If you still aren’t convinced of the importance of adequate, timely, up-to-date and supplemented 8.05 statements, I invite you to read yet again about the disastrous (for the non-disclosing party) case of Trim v. Trim. Fair warning, however: don’t read Trim right before bed time; it might keep you awake.

I’ve tried to stress on this blog just how crucial it is to your case to present a well-prepared financial statement. Here are some links:


August 10, 2011 § Leave a comment

The Supreme Court’s Rules Committee is soliciting your comments on proposed changes to UCCR 8.05. The change would add this language:

The disclosures shall include any and all assets and liabilities, whether marital or non-marital. A party is under a duty to supplement prior disclosures if that party knows that the disclosure, though correct when made, no longer accurately reflects any and all actual income and expenses and assets and liabilities, as required by this Rule.

The change addresses both the Trim case non-disclosure of assets problem and the duty to supplement.

As I’ve said before, many cases are plagued by incomplete and woefully inadequate 8.05 statements. Often, the statement offered is months old. Maybe this rule change will be a cure. But then again, I am an eternal optimist, even when reality does not justify it.

If you’re looking for ideas about how to improve your own 8.05’s and financial testimony, you can find some here, here and here.

You can find the proposed new rule here. Deadline for comments is September 6.


March 14, 2011 § 9 Comments

I posted here ten tips for more effective financial statements.

Here are a handful more to use in your quest for financial statement perfection:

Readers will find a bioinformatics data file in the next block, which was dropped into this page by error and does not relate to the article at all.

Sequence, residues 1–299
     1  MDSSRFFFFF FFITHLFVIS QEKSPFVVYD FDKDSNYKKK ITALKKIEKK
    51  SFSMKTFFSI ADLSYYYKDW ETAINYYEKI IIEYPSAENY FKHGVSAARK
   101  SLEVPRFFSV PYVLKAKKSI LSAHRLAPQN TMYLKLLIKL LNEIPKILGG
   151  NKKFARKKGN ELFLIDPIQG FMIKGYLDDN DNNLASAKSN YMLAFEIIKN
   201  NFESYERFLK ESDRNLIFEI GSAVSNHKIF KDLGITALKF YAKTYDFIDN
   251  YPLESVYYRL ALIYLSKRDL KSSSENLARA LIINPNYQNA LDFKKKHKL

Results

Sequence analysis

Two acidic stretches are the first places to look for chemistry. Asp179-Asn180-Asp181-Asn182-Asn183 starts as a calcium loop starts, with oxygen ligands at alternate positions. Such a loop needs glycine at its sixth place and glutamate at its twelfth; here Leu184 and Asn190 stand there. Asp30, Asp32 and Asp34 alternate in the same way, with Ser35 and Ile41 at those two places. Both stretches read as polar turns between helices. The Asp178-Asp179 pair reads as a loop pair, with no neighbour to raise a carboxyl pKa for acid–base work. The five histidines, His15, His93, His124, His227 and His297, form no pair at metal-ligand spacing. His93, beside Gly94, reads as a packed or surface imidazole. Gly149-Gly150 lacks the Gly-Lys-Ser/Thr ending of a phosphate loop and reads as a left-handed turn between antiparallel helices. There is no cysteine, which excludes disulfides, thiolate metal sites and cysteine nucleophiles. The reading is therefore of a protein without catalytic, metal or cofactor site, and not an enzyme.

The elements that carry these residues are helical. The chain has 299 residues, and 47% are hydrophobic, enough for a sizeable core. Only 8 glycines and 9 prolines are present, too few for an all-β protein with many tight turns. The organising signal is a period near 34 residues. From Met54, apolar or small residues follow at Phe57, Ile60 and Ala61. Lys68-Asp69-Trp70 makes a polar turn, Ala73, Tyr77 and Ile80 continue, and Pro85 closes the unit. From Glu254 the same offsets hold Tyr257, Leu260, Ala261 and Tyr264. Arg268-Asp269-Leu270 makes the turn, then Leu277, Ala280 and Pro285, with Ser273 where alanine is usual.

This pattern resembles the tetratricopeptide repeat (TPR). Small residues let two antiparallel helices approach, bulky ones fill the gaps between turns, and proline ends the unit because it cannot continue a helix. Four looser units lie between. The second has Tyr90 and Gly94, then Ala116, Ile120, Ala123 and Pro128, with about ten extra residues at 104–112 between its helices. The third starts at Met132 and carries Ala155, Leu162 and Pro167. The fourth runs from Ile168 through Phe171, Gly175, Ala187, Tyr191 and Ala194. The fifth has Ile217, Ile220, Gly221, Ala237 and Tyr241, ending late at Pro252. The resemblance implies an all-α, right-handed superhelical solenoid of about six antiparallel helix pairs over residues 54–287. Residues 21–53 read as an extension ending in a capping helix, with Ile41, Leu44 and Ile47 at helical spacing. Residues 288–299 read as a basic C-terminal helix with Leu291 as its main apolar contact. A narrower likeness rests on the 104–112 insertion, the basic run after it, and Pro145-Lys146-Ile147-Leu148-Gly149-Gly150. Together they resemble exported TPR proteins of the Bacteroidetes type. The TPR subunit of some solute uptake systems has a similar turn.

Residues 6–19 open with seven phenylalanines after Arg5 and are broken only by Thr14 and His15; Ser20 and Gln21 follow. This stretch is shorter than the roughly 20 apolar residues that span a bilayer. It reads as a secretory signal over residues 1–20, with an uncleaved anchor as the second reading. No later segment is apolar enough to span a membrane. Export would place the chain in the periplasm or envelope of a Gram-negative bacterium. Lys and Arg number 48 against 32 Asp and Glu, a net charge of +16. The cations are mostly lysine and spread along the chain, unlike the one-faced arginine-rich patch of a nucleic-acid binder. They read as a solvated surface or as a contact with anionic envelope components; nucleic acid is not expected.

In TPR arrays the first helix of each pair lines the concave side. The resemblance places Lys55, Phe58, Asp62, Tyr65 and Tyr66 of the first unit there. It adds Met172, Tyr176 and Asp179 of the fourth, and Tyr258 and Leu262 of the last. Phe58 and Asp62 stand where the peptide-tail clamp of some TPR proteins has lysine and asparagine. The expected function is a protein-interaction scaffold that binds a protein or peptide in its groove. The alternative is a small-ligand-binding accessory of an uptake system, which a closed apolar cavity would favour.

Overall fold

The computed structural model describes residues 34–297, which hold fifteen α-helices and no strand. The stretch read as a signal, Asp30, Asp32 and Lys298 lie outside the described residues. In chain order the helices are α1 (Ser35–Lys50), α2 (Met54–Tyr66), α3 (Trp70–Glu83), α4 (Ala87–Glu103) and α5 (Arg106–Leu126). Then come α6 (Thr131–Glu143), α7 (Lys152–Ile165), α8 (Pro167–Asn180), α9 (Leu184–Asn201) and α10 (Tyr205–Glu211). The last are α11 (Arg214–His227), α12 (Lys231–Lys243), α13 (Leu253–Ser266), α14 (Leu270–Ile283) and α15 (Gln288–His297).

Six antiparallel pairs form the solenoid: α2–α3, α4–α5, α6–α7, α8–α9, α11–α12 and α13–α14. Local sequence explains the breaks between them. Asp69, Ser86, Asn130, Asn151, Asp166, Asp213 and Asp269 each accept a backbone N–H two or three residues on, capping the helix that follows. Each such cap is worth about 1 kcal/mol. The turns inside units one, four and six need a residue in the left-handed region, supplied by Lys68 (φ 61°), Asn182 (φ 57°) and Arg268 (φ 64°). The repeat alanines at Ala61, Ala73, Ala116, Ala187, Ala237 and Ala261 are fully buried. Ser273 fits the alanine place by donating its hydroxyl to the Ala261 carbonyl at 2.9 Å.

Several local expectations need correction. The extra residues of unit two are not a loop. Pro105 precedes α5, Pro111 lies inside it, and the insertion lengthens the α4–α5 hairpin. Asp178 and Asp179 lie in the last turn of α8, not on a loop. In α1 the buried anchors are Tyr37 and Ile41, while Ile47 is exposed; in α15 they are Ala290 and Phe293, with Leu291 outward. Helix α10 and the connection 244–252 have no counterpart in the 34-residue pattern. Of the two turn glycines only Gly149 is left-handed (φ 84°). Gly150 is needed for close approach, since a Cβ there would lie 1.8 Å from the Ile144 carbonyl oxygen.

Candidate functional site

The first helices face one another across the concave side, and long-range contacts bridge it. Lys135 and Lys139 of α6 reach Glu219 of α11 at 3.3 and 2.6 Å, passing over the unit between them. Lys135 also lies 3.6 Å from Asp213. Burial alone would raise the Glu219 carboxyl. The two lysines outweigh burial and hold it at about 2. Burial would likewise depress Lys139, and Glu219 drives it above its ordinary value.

1. Number the pages.  It saves the fumbling around as the witness and the court are trying to orient themselves to your questioning.  And use the page numbers in questioning the witness:  “Ms. Smith, look with me at page 3, line 6.”  That’s a lot clearer and easier for a witness to follow than asking “Now you say you spend $200 a month on clothes for yourself; how did you come up with that?” 
  2. Add or delete categories to meet your needs.  Your client spends $65 a month buying yarn and other materials to feed her knitting habit.  Why not replace an unused catergory like “Transportation (other than automobile)” with “Hobby Expenses.”  It would be a whole lot clearer than lumping it in with household expenses or something else, and will make it easier for your nervous client to understand while testifying.
  3. Don’t list a deduction as “mandatory” when it is not.  Deductions required by law, such as taxes and social security are excluded from adjusted gross income for calculation of child support.  Voluntary contributions, such as 401(k) deductions, health insurance premiums, and the like are not excluded from income.  When you list voluntary deductions as “mandatory,” you are at worst planting false information in the record, and at best confusing the record.  Your client does not know the distinction.  This is part of practicing law: advising your client how to properly fill out his or her 8.05.
  4. Attach a current pay stub.  Pay stubs are a marvelous source of information.  Quite often clients (and attorneys, I am sad to report) miscalculate income.  A current pay stub, preferably with year-to-date (YTD) info is a great tool to check the income figures.  Pay stubs also show the true amounts of overtime, bonuses, deductions for insurance and other items, andd retirement contributions.